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Table of Contents
1.1.Purpose of this report Smart glass
1.2.Choices of capability of active glass
1.3.Electrically active smart glass $ billion global market 2018/2028
1.3.1.Overview 2018 and 2028
1.3.2.Main market categories, drivers and technologies
1.3.3.Primary needs addressed, main technology, success, potential, issues
1.3.4.Past forecasts by others have tended to be over-optimistic
1.3.5.Past forecasts: electrically screening smart glass
1.3.6.PV, BIPV, transparent BIPV, vehicle glass PV 2017-2028 $billion global Here we present the latest IDTechEx forecasts including sector characteristics
1.3.7.Electrically active shading $million global
1.3.8.OLED lighting and % flexible 2017-2028 $billion global
1.5.Physical principles
2.1.Creating new markets
2.2.Trends driving need for smart glass
2.2.1.View of global infrastructure developer ARUP
2.2.2.What is the trend in the use of glass in the built environment?
2.2.3.Vehicles land, water, air
2.2.4.Vehicles travelling on sunshine alone will benefit from photovoltaic windows
2.2.5.IFEVS solar-only microcars Italy: 40 km a day
2.2.6.Combining photovoltaic with optically active windows
2.2.7.Combining photovoltaic with optically active windows
2.2.8.Cars will be substantially replaced by delivery trucks, autonomous taxis, buses.
2.2.9.Peak in car sales k - goodbye to many things........
2.2.10.China car market dominates
2.2.11.Autonomous bus taxi: large smart windows needed
2.2.12.Autonomy enabling the reverse commute
2.2.13.Glass technology for automotive and transport
2.3.Value-added features
2.4.Uses for electrically active glass
2.4.1.Flat glass markets: smart glass context
2.4.2.Building glass market
2.4.3.Samsung OLED window
2.4.4.EC glass for aerospace: The More Electric Aircraft MEA
2.4.5.EC glass for marine applications
2.5.Electric darkening
3.1.Ways of making transparent materials TM electrically active
3.2.Summary of phenomena behind smart glass technologies, materials and manufacturers
3.3.Basic configurations
3.4.Choices of capability of active glass
3.5.Quantum dot QD technology
3.5.1.Quantum dot PV is still in early stage
3.5.2.Comparison of efficiencies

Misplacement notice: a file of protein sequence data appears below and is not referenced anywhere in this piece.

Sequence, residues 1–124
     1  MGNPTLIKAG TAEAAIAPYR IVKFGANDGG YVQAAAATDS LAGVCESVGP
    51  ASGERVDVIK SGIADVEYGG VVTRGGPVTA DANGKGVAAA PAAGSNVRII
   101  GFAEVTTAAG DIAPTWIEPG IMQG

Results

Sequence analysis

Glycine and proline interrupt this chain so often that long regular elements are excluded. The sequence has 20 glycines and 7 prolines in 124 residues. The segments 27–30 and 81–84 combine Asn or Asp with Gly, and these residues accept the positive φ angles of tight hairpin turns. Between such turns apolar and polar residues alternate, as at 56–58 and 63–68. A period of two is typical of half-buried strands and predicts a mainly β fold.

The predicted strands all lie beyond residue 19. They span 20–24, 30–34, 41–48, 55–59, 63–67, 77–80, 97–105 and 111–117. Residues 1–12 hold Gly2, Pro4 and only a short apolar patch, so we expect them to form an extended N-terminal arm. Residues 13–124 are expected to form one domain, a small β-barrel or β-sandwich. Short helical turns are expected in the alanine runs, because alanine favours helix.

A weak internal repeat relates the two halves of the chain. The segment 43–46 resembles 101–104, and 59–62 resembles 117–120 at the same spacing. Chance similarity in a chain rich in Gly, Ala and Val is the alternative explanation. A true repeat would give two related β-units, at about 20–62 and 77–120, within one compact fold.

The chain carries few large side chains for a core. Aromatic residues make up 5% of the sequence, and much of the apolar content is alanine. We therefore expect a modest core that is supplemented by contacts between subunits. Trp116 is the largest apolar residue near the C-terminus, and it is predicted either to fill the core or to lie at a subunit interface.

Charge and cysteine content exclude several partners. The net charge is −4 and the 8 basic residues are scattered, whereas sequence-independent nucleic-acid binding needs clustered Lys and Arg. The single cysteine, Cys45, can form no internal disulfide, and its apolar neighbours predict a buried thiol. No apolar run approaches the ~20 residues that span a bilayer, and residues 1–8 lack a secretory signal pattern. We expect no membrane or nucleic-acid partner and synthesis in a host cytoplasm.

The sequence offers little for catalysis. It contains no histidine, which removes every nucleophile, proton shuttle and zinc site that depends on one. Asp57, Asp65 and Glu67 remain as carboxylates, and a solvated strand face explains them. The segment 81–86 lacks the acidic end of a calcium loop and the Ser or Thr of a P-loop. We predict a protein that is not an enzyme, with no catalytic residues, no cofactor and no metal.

3.5.3.Quantum dot PV: SWOT analysis
3.5.4.Latest review on quantum dot PV technologies
3.5.5.Slow progress in the industry
3.5.7.Magnolia Solar Corporation
3.5.8.Kolon Industries
3.5.9.Karlsruhe Institute of Technology Germany
3.5.10.QD solar concentrator (UbiQD - Los Alamos)
3.5.11.Advantages of QD solar concentrators
3.5.12.QD Solar announcement in 2017
3.6.Thin transparent film could improve electronics and solar cells
4.1.1.Many competing technologies in PV
4.1.2.OPV has issues of cost and lowest efficiency
4.1.3.PV windows for buildings
4.1.4.Smartflex solar facades
4.1.5.POLYMODEL micro EV Italy
4.1.6.Example: Pythagoras Solar
4.2.Transparent organic photovoltaics OPV
4.2.2.SolarWindow Technologies
4.2.3.Swiss Federal Institute for Materials Science and Technology
4.3.Transparent Luminescent Solar ConcentratorsTLSC
4.3.1.Michigan State University
4.3.2.Example highway barriers: Eindhoven TU
4.3.3.Universities of Minnesota and Milano Bicocca advance in 2017
4.3.4.Quantum dot TLSC: Los Alamos
4.3.5.Taiyo Kogyo
4.4.Light-guiding solar concentrators
4.4.1.ITRI Taiwan
4.4.2.Morgan Solar Canada
4.5.Thermoelectric harvesting windows: Strep Solearth
5.3.Chromogenic and Light Scattering Phenomena
6.2.Active electrochromic materials
6.3.Design variables of electrochromic devices
6.3.1.Factors affecting operation
6.3.2.Energy Efficiency Potential
6.4.Electrochromic window manufacturing process
6.5.Options for transparent conducting films in EC Glass
6.5.1.Metal nanowires
6.5.2.% Transmittance Challenge
6.6.Electrochromics going flexible
6.6.1.Why consider this opportunity?
6.7.EC production capacity by region
6.9.Common applicational functions
6.10.Electrochromic glass installations
6.11.Price trend
6.12.First generation active electrochromics
6.12.2.Tungsten Oxides - SAGE and View Co.
6.13.Second Generation Electrochromics
6.13.1.Hydrides - View Co.
6.14.Third generation electrochromic devices: Heliotrope Electrochromics
7.1.Voltage Responsive or Electrostatic Oriented Materials
7.2.Structure of liquid crystal smart glass
7.2.1.Suspended Particle Devices
7.3.Suspended Particle Devices
7.4.Three generations of Liquid Crystal Technologies
7.5.Different generations of LC switchable films
7.6.Liquid crystal capability and applications: view of EMD
7.7.Licrivision dye doped liquid crystals
7.8.LC in action
7.9.Scienstry LC technology
7.10.Window retrofit becomes possible: Argo
7.11.Next Generation EC Technology
7.12.TCO and Barrier Films
9.1.Transparent OLED lighting
9.2.Latest Market Announcements
9.3.Latest Market Announcements
9.4.Technology Progress
9.5.OLED Market penetration
9.6.OLED Lighting Value Chain
9.7.OLED market forecast 2017-2027

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Report Statistics

-Forecasts to2028
-Last updateAug 2017